Album: Thundercloud
Label: Splid
Tracks: 11

Some things in life really are worth waiting for.

The patience of the many enthusiastic fans of West Yorkshire based duo Plumhall has finally been rewarded by the release of their début studio CD 'Thundercloud'. One play through of the eleven pristine tracks (all but one written by the Michelle Plum and Nick Hall) provides the explanation for that long gestation period - this tremendous disc is a veritable tribute to the love and commitment they, and their conspirators in sound, have for making music.

Longer, and indeed almost constant, acquaintance allows further analysis - there is an unmistakable darkness at the heart of the album - ghostly tales ('Uniondale', 'Let Me Sleep') , disconnected lives ('Thundercloud', 'The Space Between', 'Trophy', Boff Whalley's 'Learning How to Talk'), repeated mistakes and overcoming adversity ('10,000 Locks', No Fear), slavery (the hugely energetic 'Never Forget My Name') and the early death of a close friend ('Exit from The Light').

Despite the gravity of these themes, however, the overall impact is in no way depressing but, in fact, the diametrically opposite. The duo's songwriting skills and sincere, note perfect vocal delivery are such that empathy rather than sympathy is evoked on every occasion - the resultant effect is that the listener is compelled to inhabit each story and is positively transformed by the experience. A further attribute of the songs is that they have that rare quality, exhibited only by writers of such stature as Steve Knightley, Jez Lowe and John Tams, of making it impossible to imagine the lyrics being separated from the melodies.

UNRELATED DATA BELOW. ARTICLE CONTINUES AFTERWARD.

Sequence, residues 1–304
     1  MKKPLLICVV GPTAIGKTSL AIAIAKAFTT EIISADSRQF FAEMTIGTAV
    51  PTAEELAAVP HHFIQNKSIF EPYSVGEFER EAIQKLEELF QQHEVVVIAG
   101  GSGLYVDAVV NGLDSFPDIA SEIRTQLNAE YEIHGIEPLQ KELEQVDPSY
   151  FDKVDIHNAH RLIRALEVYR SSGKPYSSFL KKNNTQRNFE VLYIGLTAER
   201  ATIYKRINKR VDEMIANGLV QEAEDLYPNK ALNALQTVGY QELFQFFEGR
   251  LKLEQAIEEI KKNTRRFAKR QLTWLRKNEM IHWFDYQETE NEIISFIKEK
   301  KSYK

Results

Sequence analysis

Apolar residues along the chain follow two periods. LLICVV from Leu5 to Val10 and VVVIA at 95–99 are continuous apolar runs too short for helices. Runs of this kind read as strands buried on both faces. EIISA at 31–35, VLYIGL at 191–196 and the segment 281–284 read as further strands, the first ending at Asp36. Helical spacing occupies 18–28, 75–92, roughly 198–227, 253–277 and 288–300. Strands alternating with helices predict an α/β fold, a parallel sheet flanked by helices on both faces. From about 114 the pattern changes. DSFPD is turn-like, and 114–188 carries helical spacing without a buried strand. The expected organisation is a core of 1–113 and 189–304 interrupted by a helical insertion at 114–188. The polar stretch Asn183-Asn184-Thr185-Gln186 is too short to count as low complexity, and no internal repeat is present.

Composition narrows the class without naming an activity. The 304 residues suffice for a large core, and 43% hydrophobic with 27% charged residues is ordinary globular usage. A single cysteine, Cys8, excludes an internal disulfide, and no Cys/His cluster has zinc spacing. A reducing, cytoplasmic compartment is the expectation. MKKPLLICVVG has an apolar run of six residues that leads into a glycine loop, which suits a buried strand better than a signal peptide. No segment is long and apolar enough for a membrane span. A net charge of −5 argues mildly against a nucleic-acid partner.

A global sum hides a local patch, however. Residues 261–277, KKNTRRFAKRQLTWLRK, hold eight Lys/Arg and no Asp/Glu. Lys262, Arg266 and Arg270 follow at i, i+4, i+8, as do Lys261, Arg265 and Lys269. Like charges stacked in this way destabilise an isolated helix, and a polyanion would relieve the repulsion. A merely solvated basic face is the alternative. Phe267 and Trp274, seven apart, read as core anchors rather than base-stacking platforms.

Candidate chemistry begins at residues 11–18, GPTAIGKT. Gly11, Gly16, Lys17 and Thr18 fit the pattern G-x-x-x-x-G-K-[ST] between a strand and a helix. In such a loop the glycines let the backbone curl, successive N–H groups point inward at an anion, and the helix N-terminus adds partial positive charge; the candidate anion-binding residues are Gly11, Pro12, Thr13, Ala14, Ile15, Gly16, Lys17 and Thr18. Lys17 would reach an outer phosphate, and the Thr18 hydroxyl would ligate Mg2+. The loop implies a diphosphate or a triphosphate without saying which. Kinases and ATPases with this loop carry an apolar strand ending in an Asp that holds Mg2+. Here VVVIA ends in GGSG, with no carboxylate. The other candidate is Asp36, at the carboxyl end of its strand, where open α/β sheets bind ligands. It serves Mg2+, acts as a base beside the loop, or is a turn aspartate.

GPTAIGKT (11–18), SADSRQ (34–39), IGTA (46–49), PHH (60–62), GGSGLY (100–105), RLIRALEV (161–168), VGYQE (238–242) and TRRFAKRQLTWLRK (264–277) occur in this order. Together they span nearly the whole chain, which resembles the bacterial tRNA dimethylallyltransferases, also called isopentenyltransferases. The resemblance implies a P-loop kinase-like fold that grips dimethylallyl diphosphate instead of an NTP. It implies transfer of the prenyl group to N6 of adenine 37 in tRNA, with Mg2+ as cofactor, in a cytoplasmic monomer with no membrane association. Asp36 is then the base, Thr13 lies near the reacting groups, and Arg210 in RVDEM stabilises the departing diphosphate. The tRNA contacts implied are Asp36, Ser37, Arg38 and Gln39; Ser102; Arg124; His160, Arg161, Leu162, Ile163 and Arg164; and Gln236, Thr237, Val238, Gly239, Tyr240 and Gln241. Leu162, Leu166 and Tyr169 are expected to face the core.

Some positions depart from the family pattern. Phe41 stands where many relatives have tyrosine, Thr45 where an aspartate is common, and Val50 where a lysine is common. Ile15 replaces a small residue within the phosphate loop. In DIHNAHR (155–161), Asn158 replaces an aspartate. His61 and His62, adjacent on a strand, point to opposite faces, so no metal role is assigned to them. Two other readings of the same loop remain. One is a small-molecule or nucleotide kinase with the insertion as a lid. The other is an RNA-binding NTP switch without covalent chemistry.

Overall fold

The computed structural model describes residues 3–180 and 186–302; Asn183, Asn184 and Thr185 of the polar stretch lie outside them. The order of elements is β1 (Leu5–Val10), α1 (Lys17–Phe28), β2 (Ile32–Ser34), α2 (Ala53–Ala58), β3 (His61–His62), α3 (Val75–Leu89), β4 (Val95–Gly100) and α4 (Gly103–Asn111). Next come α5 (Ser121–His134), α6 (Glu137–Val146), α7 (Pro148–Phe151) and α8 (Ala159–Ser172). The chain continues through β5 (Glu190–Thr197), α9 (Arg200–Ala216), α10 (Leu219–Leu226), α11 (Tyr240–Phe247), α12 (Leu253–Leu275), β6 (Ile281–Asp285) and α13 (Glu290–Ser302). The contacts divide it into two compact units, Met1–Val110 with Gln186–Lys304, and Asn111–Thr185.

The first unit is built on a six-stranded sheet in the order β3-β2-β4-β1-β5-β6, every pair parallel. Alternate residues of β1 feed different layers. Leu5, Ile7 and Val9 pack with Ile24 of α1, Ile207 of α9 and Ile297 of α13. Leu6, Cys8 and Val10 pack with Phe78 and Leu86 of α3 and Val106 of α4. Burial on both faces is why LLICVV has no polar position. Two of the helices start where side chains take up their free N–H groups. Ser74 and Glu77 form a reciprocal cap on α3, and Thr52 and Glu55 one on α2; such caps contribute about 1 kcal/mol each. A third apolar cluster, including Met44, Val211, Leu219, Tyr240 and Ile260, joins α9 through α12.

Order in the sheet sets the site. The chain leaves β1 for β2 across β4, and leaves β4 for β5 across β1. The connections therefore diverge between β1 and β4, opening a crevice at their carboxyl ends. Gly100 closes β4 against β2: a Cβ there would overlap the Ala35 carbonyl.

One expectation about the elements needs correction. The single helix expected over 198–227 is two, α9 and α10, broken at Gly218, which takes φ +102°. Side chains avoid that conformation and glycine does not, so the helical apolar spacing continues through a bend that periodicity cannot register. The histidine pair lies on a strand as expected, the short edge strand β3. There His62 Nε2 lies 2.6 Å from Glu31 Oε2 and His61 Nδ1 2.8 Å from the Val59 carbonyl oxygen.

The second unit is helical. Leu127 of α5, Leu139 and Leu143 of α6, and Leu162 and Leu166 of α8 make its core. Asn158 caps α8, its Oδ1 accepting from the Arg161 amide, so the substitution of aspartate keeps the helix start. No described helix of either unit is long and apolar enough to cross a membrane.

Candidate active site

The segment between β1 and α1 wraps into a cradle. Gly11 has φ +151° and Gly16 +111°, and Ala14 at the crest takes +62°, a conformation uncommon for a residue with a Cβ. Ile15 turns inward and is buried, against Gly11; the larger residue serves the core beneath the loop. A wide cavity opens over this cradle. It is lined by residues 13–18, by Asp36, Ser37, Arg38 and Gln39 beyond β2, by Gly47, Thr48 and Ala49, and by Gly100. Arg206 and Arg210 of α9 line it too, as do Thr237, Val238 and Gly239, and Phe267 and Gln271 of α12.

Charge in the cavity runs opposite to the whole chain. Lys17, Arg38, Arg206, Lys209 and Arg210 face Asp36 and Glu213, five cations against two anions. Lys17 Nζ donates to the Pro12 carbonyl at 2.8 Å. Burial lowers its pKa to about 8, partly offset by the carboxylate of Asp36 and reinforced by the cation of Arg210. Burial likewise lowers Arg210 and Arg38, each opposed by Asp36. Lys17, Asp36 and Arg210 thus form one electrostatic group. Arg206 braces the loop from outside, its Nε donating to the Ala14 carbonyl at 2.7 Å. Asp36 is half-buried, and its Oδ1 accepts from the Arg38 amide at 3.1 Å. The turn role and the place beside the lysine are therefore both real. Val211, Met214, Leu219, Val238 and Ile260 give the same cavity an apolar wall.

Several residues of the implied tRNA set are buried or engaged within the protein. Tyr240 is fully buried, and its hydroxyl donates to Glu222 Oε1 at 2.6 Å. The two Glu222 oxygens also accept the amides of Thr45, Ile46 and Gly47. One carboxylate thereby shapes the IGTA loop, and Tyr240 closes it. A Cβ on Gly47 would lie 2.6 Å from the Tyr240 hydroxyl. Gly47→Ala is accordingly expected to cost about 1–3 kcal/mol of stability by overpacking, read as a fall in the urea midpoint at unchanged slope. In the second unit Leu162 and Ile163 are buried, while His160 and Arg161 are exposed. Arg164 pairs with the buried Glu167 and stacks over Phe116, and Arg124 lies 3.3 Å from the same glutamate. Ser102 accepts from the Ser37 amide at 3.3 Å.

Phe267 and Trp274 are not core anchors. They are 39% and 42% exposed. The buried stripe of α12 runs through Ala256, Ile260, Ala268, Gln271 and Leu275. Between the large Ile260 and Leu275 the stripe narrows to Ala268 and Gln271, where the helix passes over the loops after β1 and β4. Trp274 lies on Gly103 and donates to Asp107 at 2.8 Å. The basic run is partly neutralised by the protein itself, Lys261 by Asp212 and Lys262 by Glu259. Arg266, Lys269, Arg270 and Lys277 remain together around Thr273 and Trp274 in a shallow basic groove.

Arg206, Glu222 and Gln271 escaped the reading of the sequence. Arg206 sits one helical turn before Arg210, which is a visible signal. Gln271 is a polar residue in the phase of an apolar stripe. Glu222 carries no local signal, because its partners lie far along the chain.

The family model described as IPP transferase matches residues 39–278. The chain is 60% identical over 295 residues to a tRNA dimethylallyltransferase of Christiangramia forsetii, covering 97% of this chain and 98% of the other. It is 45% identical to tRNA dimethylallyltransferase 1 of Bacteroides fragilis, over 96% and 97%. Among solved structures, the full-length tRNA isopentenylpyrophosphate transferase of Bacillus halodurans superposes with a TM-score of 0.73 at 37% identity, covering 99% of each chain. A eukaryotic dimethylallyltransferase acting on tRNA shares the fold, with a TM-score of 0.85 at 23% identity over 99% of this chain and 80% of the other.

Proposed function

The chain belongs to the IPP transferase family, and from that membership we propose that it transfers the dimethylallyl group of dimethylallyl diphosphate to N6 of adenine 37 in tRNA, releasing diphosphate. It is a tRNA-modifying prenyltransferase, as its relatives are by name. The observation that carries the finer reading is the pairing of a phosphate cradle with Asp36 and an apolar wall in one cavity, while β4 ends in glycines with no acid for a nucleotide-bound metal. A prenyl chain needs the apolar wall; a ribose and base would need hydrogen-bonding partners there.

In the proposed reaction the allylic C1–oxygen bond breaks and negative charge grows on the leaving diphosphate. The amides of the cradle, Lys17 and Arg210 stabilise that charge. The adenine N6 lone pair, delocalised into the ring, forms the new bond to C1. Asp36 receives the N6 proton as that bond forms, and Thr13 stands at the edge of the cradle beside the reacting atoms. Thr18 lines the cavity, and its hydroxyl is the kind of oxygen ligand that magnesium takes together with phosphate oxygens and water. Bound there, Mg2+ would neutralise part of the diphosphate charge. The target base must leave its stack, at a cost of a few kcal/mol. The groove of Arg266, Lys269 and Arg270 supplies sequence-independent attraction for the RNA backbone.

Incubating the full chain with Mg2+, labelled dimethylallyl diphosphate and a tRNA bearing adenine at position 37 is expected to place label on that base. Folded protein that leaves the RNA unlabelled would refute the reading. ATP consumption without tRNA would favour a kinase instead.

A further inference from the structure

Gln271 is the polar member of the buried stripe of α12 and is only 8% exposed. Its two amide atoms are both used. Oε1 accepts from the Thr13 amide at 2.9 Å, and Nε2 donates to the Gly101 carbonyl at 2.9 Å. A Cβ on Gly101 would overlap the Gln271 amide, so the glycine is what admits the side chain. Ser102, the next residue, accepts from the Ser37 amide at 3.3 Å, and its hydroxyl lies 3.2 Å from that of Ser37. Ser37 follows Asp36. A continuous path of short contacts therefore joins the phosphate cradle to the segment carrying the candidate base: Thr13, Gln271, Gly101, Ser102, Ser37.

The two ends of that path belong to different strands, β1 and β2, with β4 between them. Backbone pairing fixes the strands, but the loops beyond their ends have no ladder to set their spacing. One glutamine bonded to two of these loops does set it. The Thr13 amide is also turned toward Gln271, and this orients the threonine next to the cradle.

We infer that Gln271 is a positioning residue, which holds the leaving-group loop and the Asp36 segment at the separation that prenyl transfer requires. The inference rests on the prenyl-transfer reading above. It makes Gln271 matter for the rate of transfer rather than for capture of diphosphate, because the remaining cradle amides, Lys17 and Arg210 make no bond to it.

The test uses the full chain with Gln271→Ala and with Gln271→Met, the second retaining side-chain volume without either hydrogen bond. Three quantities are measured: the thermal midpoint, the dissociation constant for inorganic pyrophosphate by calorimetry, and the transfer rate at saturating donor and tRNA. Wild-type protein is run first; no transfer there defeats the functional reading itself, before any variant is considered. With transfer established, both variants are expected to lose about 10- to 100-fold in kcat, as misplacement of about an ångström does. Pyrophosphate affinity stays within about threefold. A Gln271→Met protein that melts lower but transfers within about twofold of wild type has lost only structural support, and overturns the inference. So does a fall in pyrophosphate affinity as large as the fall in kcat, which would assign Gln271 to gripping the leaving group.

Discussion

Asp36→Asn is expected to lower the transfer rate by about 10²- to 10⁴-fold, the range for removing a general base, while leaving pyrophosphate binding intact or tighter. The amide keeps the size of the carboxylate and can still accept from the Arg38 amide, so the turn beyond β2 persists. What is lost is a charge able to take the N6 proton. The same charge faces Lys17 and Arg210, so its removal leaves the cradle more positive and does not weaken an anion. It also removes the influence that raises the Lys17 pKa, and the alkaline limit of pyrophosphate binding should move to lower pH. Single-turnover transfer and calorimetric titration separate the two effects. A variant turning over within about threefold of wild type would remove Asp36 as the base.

For those like me who are familiar with Plumhall's live performance and think that the songs simply could not get any better the first thing that strikes one is just how the arrangements and production add to the overall impact. Just to choose one track as an example, '10,000 Locks', is given an augmented dimension of poignancy through the introduction of David Hartley's pedal steel, David Crickmore's questioning electric guitar and Gerry McNeice's and Chris Bunyan's well considered supporting bass and drums. Each of the other songs have similar quantities of fairy dust sprinkled over them giving the whole package an aura of consistent high quality and professionalism with which one has come to associate David Crickmore's productions.

I was at first unsure about the love song 'High Rising' being the last track due to its comparatively undramatic thematic material but now it seems so apposite - a final confirmation of the triumph of the heart over the ordeals of an often complex and difficult emotional world.

Surely this CD must now provide the duo with the mainstream recognition that they so undoubtedly deserve? In all of my many years of listening to music I have rarely, if ever, heard a better début and will be very surprised if I shall again.

Joe Grint

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